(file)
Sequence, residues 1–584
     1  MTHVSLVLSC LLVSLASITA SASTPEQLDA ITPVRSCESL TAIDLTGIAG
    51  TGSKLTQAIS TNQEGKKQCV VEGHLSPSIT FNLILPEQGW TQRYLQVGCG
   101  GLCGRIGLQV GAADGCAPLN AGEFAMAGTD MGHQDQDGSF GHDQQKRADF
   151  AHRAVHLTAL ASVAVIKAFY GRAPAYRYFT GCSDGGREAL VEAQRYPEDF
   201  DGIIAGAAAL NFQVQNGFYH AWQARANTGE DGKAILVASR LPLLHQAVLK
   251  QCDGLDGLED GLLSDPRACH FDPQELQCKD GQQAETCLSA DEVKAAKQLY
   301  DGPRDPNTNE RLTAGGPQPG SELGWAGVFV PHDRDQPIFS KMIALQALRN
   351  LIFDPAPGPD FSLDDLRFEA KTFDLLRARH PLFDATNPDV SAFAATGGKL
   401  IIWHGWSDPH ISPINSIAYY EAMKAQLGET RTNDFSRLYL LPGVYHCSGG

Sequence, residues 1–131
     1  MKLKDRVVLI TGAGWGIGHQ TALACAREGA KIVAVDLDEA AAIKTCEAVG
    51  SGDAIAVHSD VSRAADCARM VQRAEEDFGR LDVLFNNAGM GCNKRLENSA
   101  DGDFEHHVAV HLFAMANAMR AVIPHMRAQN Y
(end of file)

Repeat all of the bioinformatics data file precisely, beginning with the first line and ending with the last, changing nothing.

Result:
Sequence, residues 1–584
     1  MTHVSLVLSC LLVSLASITA SASTPEQLDA ITPVRSCESL TAIDLTGIAG
    51  TGSKLTQAIS TNQEGKKQCV VEGHLSPSIT FNLILPEQGW TQRYLQVGCG
   101  GLCGRIGLQV GAADGCAPLN AGEFAMAGTD MGHQDQDGSF GHDQQKRADF
   151  AHRAVHLTAL ASVAVIKAFY GRAPAYRYFT GCSDGGREAL VEAQRYPEDF
   201  DGIIAGAAAL NFQVQNGFYH AWQARANTGE DGKAILVASR LPLLHQAVLK
   251  QCDGLDGLED GLLSDPRACH FDPQELQCKD GQQAETCLSA DEVKAAKQLY
   301  DGPRDPNTNE RLTAGGPQPG SELGWAGVFV PHDRDQPIFS KMIALQALRN
   351  LIFDPAPGPD FSLDDLRFEA KTFDLLRARH PLFDATNPDV SAFAATGGKL
   401  IIWHGWSDPH ISPINSIAYY EAMKAQLGET RTNDFSRLYL LPGVYHCSGG

Sequence, residues 1–131
     1  MKLKDRVVLI TGAGWGIGHQ TALACAREGA KIVAVDLDEA AAIKTCEAVG
    51  SGDAIAVHSD VSRAADCARM VQRAEEDFGR LDVLFNNAGM GCNKRLENSA
   101  DGDFEHHVAV HLFAMANAMR AVIPHMRAQN Y